TV broadcasters are now free to curse and include nudity
The U.S. Federal Communications Commission and its enforcement of anti-obscenity laws have long been a thorny irritation to colorful media figures like Detroit rapper Eminem who famously sang, "So the F-C-C won't let me be. Or let me be me so let me see. They tried to shut me down on M-T-V. But it feels so empty without me."
Today the U.S. Supreme Court released a ruling that significantly scales back the FCC's censorship authority. In the case Federal Communications Commission, et al. v. Fox Television Stations, Inc., et al. the highest court in the land refused to assess the constitutionality of U.S. federal law that prohibits broadcasted obscenities. However, it did deal FCC efforts a blow by finding it illegal for the FCC to fine TV broadcaster who air obscenity or nudity during daytime hours.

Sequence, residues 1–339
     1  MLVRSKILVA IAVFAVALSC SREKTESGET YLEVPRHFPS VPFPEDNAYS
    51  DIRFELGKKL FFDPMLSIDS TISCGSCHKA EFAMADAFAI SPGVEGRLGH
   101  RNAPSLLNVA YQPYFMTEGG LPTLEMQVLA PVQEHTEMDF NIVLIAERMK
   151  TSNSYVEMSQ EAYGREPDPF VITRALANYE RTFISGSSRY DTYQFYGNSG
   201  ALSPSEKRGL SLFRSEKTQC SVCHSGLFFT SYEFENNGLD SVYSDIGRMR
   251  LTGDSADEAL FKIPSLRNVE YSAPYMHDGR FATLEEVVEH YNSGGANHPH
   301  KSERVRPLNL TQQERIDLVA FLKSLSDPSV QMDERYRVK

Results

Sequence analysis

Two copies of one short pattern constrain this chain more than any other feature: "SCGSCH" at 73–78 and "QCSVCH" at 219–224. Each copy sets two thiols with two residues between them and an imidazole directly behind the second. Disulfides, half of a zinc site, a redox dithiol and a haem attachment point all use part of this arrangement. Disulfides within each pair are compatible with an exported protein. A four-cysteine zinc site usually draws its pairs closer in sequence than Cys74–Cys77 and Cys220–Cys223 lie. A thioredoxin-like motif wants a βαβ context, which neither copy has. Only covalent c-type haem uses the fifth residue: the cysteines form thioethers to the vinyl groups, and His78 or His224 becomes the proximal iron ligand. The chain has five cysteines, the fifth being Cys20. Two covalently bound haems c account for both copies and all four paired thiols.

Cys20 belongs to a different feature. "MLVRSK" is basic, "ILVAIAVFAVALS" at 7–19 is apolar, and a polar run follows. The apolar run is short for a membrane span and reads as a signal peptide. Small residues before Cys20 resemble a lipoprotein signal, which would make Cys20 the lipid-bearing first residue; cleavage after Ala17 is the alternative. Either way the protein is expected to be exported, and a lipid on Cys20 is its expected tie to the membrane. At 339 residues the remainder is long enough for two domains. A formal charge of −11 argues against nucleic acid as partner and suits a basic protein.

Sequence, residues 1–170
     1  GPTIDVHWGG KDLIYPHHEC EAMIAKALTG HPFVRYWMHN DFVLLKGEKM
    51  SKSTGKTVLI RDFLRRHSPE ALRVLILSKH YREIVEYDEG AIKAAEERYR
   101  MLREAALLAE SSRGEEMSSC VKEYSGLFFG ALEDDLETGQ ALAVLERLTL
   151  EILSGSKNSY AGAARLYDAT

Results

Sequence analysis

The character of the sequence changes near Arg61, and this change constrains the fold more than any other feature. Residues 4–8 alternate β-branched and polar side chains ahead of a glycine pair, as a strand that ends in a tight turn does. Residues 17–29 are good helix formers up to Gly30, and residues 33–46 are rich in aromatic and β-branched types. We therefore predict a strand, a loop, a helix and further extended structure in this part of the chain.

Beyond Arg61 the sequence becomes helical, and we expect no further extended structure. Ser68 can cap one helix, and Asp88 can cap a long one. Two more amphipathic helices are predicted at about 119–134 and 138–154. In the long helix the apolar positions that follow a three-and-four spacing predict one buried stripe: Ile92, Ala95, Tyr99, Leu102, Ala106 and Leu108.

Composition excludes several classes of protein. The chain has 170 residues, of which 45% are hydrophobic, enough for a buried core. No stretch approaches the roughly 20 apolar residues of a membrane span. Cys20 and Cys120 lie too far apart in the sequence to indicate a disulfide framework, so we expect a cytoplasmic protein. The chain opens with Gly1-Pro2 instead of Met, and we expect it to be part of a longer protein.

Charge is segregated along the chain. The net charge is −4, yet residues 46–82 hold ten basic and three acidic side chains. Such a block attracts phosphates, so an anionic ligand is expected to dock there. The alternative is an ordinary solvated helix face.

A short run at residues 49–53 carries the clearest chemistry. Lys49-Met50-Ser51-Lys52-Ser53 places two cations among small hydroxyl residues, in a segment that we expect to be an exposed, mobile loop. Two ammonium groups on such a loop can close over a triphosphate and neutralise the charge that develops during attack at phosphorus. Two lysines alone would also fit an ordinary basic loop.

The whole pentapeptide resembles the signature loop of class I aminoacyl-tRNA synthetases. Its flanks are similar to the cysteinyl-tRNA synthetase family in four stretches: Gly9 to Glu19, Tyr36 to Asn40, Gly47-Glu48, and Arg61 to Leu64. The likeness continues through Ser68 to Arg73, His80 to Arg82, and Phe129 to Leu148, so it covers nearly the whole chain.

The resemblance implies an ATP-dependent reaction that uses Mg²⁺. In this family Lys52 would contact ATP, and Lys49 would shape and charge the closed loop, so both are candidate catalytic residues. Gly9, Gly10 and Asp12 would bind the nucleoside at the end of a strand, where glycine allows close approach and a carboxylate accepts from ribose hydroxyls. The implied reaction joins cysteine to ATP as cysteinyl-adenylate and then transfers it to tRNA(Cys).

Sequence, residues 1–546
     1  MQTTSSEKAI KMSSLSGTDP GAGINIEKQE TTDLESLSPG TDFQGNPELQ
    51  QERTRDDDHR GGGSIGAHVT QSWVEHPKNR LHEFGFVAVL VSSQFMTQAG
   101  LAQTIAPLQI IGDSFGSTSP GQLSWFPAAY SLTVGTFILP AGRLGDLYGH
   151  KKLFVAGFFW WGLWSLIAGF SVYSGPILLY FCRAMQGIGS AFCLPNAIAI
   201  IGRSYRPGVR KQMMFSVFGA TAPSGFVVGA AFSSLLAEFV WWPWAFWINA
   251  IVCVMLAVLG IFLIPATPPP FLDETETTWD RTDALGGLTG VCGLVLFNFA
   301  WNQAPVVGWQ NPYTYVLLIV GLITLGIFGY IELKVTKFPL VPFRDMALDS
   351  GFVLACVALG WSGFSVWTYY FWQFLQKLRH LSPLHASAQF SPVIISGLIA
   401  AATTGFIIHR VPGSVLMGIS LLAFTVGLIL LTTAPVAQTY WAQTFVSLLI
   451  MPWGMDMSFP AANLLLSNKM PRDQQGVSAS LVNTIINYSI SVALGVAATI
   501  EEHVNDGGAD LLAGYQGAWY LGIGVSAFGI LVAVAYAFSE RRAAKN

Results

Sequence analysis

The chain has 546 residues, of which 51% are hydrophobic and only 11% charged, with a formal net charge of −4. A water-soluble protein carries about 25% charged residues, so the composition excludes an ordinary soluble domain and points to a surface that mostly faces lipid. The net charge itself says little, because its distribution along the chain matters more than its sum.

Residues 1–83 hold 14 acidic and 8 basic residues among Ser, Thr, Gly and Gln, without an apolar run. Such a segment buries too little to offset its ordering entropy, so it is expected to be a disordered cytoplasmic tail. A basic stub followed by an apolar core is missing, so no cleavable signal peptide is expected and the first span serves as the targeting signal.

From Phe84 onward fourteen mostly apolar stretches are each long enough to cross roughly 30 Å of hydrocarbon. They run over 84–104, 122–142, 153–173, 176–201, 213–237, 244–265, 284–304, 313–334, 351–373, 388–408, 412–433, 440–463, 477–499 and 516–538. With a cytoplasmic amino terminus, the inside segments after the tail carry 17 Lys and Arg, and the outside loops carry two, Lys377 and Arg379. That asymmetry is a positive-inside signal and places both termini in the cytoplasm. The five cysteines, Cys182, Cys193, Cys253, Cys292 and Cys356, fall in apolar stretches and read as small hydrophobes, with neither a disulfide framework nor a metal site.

A couple of points
of clarification. The ruling does not scrap wholesale the obscenity laws, merely state that they need to be clearly defined in non-arbitrary language by the FCC. Thus, it does effectively scrap the laws for now, but may not long term. That said, it does leave the door open to future review.
The court did not overturn the Appeals court's ruling that the law was unconstitutional, hence for now the law can indeed be considered unconstitutional and uneforceable from a second front -- the Appeals decision, until the Supreme Court agrees to rule on Constitutionality.
Lastly, the ruling applies equally to all television broadcasters, and several other broadcasters like ABC had joined Fox in the lawsuit defense. In other words, Fox did not get "preferential treatment".